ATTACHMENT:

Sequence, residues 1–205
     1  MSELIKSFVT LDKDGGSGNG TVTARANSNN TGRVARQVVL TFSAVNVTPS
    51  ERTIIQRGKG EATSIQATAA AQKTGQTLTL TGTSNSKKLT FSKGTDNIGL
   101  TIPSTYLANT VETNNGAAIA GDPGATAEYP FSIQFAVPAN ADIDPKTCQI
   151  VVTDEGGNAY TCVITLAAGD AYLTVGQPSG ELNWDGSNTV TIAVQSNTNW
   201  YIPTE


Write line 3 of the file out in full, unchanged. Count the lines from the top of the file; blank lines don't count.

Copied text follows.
    51  ERTIIQRGKG EATSIQATAA AQKTGQTLTL TGTSNSKKLT FSKGTDNIGL